The Google search engine is so successful because of its accuracy when displaying relevant search results. Google does this by diligently collecting data about the preferences and search behaviour of its users, which means it can tailor its results to the respective person.

The key word here is “personalisation”. The more the search engine’s algorithm knows about you, the more specifically it can adapt the results to your needs and interests. If that is too much for you, you should switch to a search engine that does not collect as much data, such as 'DuckDuckGo' or 'Startpage', doing so ensures that the results will not be personalised.

Tip no. 5: tidy up regularly

Tidiness is half the battle. It may not seem that way when it comes to the protection of your data, but it is still the case. After all, the more we use the internet, the higher the risk of cookies and other trackers being installed on our computers without us knowing, enabling us to be traced. Programmes such as CCleaner can rid your computer and browser of unwanted guests such as files and registry entries.

Selecting the right cleaning tool is dependent on your operating system, amongst other factors. Caution is also required here. As mentioned above, with free services, you should always question whether and to what extent data is being collected, and how extensively the programme has rights to access, change, or even erase your files. Thorough research and consideration of the pros and cons is also vital in this case. Nevertheless, with the right service provider and regular cleaning, it is easier to protect your virtual self.


With the countless web trackers and cookies that follow internet users like you at every turn, it is not so easy to surf the net in private. Ultimately, companies have a huge interest in collecting and processing your data for their own purposes. However, there are a few things you can do to protect your privacy when surfing the web. Adjusting your browser settings takes just a few clicks and is the first step in the right direction.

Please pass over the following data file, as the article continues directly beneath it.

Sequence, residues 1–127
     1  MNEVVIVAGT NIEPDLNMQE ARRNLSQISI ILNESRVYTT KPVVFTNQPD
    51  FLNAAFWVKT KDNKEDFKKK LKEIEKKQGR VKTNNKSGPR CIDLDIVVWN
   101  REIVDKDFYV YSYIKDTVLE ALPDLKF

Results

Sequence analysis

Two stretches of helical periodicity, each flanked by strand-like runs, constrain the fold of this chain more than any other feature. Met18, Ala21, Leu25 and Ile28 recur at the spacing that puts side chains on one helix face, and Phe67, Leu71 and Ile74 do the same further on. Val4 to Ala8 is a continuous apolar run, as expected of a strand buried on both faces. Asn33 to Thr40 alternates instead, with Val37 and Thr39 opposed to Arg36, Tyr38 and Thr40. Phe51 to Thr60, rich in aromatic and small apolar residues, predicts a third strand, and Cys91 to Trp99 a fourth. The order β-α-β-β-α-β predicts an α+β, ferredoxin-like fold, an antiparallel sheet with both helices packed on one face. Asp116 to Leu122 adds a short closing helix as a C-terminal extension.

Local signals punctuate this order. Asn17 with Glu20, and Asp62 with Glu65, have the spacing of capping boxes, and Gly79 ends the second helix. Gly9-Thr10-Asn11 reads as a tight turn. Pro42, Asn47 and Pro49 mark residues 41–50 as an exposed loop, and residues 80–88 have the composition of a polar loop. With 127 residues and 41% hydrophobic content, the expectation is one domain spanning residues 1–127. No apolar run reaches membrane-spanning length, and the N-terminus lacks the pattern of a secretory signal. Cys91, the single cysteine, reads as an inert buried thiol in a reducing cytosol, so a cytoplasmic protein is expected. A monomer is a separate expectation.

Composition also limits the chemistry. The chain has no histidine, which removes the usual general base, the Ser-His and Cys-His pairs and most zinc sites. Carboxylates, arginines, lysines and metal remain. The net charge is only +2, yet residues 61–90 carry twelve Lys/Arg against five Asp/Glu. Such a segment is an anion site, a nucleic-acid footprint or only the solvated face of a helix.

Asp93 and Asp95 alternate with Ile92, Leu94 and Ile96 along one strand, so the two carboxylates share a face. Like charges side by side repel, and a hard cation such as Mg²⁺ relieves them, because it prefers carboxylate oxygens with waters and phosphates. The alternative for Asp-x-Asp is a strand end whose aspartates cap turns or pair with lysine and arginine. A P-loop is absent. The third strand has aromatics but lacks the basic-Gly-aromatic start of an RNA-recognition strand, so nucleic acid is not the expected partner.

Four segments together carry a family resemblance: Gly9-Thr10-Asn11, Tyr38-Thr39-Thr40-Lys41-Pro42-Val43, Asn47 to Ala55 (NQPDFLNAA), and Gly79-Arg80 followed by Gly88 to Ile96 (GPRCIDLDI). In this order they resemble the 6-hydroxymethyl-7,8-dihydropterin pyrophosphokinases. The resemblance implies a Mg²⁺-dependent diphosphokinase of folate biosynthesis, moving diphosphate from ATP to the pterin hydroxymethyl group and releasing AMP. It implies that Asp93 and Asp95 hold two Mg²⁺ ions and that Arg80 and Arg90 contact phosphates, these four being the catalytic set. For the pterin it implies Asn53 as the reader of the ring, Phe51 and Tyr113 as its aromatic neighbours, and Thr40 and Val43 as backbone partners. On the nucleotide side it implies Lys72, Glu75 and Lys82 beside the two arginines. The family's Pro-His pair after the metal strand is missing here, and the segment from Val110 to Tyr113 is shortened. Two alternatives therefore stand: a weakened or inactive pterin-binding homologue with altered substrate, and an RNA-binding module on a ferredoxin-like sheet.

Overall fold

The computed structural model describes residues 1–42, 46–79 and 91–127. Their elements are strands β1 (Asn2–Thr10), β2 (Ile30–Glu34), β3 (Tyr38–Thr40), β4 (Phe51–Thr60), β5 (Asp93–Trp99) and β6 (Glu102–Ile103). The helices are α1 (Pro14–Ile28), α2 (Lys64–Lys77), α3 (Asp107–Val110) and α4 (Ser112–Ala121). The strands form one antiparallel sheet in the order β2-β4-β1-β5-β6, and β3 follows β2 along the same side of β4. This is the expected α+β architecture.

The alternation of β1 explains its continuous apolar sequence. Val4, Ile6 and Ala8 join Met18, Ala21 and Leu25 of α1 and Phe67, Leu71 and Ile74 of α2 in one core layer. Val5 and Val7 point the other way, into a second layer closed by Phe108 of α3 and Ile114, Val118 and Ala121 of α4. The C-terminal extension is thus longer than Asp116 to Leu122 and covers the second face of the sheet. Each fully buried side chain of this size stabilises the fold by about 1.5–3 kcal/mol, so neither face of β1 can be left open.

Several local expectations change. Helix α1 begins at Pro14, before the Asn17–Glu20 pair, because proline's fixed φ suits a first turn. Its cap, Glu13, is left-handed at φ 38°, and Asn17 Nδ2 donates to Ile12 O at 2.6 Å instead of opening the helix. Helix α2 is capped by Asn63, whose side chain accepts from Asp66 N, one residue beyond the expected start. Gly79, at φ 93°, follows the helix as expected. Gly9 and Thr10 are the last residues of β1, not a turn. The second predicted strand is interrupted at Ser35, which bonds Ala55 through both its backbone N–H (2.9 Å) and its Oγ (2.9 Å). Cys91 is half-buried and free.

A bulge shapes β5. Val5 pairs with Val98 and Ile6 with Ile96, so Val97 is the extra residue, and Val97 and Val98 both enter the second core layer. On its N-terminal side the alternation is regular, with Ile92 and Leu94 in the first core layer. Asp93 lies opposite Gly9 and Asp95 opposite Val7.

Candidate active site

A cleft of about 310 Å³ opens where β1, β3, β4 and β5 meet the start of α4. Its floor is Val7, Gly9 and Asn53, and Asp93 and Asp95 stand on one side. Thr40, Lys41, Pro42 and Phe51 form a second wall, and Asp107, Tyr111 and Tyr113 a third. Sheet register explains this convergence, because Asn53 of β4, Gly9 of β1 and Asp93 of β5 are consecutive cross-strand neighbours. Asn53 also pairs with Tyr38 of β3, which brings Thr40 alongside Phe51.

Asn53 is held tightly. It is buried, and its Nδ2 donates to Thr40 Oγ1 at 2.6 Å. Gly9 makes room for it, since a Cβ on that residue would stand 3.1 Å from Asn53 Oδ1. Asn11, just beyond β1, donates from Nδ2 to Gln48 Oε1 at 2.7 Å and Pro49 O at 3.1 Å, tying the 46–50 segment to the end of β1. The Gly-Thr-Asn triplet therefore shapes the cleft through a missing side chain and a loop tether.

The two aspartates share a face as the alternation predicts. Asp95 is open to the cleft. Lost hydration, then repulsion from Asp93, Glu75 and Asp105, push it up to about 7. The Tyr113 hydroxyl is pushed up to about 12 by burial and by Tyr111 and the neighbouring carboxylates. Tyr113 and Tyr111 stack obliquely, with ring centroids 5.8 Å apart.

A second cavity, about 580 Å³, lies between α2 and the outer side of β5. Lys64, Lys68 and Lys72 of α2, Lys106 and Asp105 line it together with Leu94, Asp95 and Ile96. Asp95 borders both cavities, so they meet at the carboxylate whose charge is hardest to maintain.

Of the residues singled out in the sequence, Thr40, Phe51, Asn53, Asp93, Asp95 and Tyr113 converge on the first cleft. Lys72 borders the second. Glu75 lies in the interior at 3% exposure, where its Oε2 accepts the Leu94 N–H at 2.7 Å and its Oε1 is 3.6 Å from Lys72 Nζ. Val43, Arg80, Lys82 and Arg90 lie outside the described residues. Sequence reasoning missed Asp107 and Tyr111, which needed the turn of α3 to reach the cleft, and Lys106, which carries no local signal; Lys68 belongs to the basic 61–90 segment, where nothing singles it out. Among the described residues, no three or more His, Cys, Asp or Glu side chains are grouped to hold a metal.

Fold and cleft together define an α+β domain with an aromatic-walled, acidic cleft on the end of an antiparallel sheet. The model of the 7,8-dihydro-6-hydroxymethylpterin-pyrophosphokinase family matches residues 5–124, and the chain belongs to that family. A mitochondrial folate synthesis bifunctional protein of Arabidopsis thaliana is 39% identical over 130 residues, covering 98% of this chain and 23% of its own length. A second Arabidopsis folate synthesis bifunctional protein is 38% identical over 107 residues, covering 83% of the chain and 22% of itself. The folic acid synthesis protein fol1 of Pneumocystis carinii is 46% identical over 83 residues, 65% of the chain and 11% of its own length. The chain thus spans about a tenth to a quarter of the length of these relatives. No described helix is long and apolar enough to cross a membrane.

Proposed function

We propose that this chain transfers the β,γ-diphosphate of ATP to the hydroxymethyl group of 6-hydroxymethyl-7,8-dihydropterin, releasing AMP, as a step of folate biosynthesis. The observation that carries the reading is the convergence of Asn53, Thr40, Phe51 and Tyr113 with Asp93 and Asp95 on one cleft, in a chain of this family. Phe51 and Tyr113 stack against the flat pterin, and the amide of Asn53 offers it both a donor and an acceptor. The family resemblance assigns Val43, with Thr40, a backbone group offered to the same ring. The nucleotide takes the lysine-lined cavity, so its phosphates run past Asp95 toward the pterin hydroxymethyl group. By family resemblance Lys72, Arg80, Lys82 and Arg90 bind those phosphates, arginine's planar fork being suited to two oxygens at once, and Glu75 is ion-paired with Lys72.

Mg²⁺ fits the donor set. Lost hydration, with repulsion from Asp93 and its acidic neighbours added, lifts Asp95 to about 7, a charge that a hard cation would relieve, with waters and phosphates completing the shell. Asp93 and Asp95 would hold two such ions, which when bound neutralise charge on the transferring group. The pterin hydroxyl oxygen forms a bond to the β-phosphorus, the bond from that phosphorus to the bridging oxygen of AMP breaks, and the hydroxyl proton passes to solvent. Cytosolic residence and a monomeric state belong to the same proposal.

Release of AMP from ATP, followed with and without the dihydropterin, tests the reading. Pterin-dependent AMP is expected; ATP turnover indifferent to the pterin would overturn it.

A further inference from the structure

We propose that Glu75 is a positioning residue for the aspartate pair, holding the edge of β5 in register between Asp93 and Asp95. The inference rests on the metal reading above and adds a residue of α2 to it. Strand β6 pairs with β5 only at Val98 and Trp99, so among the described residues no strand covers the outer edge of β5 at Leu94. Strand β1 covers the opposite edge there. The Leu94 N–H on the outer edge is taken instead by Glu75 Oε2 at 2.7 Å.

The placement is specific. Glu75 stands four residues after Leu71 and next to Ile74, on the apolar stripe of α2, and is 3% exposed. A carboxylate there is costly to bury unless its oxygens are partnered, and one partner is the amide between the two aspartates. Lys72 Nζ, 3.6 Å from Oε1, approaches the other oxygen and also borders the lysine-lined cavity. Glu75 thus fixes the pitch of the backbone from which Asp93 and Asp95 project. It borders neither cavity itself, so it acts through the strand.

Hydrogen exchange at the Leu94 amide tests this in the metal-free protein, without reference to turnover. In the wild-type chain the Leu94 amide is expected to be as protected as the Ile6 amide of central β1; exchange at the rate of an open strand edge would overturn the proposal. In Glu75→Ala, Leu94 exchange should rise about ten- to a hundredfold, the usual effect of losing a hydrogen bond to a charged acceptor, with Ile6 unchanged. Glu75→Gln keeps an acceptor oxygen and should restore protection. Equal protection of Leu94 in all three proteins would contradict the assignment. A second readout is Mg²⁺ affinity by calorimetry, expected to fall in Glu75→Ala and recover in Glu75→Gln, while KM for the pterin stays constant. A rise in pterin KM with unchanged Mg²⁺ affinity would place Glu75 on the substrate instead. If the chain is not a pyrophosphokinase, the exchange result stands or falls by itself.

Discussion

By knowing that websites and search engines have ulterior motives when they make your surfing more convenient and personal, it is easier for you to decide which measures you agree with and which ones you do not. Discover how DataGuard's corporate compliance solutions empower companies to effectively manage web trackers and cookies, enhancing online data protection and privacy.

Furthermore, if you invest a bit of time in research when selecting tools, it will do your online security the world of good. You may not be anonymous online, but you will be considerably safer.

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About the author

Anne Hillmer Anne Hillmer
Anne Hillmer

This was the first time Anne Hillmer had been involved with data protection in a consulting firm for data protection and compliance. She soon discovered the highly explosive nature of the topic in politics and society. While working for the German Federal Office for Information Security (BSI), she then became familiar with the technical side and security requirements of data processing. In her work she pursues a clear goal: "For me, data protection means privacy. I would like to contribute to ensuring that privacy is respected as a human right - especially in times when technology often develops faster than legislation and therefore not only opportunities but also many challenges arise". To switch off after work, Anne relies on a proven combination: sport and fresh air.